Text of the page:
Personalized Learning

FAQs

Frequently Asked Questions About
Personalized Learning

Based on emerging research and practice in school districts across the country, the Alliance for Excellent Education (the Alliance) believes that personalized learning is one of the most effective ways to ensure that all students— particularly traditionally underserved students including students from low-income families, students of color, students with disabilities and English learners —develop the knowledge, skills, and dispositions that they need to succeed in college, a career, and life.

The following are some frequently asked questions about personalized learning. 

  1. What is personalized learning?
    Personalized learning is a student-centered approach designed to help all students develop a set of skills collectively known as the deeper learning competencies. These skills include thinking critically, using knowledge and information to solve complex problems, working collaboratively, communicating effectively, learning how to learn, and developing academic mindsets.

    Under a personalized learning model, teachers, school staff and, as appropriate, other adults in these communities receive the time, tools, and resources to accomplish the following:

    • Understand each student’s personal and academic background, strengths, interests, and needs. Help each student achieve an understanding of him/herself along with a commitment to and ownership of his/her own learning. Work in concert with each student to shape his/her academic path and enrich his/her education.
    • Provide each student with targeted instruction, practice, and support in areas where they are struggling, while ensuring they learn challenging academic content and skills.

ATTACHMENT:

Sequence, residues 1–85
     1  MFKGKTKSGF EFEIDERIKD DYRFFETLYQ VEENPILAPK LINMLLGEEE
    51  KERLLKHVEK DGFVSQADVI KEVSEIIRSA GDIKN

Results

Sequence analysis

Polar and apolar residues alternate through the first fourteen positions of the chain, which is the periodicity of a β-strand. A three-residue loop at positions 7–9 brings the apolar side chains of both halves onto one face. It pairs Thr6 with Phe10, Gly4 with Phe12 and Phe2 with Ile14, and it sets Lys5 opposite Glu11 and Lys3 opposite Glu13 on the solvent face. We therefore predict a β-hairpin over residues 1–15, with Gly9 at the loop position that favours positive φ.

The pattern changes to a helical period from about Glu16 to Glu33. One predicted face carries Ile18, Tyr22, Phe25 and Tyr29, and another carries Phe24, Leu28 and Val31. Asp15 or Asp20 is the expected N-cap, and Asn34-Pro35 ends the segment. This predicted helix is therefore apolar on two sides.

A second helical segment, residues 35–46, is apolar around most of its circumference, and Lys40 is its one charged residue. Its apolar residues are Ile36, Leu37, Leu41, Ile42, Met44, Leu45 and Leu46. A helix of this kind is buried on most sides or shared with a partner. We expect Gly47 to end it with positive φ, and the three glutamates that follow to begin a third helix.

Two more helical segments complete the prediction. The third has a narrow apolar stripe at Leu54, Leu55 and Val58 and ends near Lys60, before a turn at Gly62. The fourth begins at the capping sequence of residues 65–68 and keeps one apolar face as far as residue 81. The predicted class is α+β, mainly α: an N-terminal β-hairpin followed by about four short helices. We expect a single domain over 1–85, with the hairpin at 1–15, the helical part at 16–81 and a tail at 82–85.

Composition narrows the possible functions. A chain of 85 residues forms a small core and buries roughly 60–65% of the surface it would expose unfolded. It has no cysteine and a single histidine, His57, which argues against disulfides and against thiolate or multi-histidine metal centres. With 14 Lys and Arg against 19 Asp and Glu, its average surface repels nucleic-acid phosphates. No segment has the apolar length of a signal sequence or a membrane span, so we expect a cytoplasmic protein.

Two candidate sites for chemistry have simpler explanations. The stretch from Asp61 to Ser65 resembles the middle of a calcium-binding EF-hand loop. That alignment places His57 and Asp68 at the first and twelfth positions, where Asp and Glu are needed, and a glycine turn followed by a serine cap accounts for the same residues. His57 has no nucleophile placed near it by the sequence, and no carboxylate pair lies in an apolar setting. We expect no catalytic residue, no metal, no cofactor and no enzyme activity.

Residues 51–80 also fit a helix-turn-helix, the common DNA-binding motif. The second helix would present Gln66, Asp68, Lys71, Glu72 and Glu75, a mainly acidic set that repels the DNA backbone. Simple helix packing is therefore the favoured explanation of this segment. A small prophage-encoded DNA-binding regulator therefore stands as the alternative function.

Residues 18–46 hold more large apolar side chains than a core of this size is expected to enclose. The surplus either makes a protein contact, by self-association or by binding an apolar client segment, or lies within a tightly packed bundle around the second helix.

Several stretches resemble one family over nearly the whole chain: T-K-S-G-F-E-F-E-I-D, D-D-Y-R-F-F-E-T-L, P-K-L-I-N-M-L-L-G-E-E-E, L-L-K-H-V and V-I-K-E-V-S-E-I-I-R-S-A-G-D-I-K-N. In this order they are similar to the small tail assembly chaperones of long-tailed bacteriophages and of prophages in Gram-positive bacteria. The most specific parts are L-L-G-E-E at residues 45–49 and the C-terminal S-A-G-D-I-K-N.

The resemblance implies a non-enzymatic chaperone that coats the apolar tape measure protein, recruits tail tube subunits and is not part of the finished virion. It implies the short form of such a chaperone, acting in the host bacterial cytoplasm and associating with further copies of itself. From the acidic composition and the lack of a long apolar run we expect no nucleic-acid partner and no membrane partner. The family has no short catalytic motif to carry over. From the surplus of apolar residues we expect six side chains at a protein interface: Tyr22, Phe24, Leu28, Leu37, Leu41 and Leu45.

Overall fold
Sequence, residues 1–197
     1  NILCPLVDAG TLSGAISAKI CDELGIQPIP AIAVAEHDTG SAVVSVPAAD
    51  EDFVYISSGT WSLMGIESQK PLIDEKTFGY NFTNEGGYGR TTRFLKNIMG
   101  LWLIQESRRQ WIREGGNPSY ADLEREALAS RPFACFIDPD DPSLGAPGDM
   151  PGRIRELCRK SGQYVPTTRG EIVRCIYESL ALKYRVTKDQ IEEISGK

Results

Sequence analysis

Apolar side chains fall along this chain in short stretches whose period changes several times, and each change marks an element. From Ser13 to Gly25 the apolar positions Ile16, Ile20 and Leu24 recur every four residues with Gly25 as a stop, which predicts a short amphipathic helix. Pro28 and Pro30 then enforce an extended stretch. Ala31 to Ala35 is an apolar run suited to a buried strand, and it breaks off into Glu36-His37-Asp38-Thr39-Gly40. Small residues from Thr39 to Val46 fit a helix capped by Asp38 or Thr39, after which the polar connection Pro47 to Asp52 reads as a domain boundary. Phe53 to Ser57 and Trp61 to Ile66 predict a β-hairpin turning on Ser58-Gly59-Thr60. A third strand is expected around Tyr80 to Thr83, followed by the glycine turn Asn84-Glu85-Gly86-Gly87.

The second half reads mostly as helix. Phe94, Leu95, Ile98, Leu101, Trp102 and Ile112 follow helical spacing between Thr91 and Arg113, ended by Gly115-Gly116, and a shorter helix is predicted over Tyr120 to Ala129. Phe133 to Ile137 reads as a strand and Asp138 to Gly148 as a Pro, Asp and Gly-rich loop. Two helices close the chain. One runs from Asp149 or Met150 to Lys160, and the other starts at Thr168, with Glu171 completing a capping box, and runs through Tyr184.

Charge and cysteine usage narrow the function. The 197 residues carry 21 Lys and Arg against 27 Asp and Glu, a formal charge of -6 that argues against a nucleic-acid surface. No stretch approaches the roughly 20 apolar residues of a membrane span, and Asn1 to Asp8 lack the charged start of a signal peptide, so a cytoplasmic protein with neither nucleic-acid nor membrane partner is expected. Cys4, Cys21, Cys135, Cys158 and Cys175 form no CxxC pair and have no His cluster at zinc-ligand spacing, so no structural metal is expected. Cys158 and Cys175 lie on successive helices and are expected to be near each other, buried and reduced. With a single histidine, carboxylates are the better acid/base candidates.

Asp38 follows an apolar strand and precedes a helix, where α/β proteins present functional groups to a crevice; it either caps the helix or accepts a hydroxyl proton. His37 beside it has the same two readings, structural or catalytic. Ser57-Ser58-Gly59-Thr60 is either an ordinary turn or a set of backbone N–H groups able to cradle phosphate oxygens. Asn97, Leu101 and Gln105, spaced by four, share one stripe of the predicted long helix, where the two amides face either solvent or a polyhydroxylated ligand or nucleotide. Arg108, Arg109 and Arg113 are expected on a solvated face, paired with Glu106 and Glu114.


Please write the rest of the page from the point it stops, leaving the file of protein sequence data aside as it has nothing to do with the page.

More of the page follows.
• Create more flexible learning environments and opportunities inside and outside the classroom, including one-on-one, peer-to-peer, small group, and online instruction to help students master academic content and competencies.
    • Connect each student to their local community and the world beyond the classroom by engaging them in real-world learning opportunities, such as internships, apprenticeships, hands-on projects, and global study.
    • Use tools, technology, and data to enhance classroom instruction, assess individual students’ progress, and jointly identify next steps for meeting their needs.

    Visit the Alliance’s Action Academy for additional resources on personalized learning.

  2. What does personalized learning look like in the classroom?
    In a personalized learning classroom, it often can be hard to identify the teacher. While teachers still provide some whole classroom instruction, it is only one of a number of tools available. Teachers and administrators design innovative ways of meeting the needs of their students, mixing direct instruction with small group, one-on-one, and peer-to-peer instruction, as well as incorporating self-paced and online learning, among other flexible learning environments. Consequently, it is common to see students working individually or collaboratively on challenging tasks with the teacher moving fluidly between groups and students.

    Students in personalized learning classrooms engage deeply in their work and clearly understand what they are doing, what comes next, and how their work connects to the real world. They have ample support and structure to develop personal responsibility for meeting learning and personal goals. They engage in authentic experiences with multiple opportunities to demonstrate their mastery of subject matter and skills through means such as projects, public presentations, performance tasks, and extended writing.

    Click here to see personalized learning in action.
  3. How is personalized learning different from what most students currently do?
    Students in a personalized learning environment participate actively in the design and evaluation of their learning and performance, making meaningful choices about their learning experiences. They work more independently and collaboratively on real-world problem solving, practicing and demonstrating critical thinking skills as they apply new knowledge to new situations and in new ways. Most importantly, they regularly self-reflect on their strengths, interests, and future aspirations.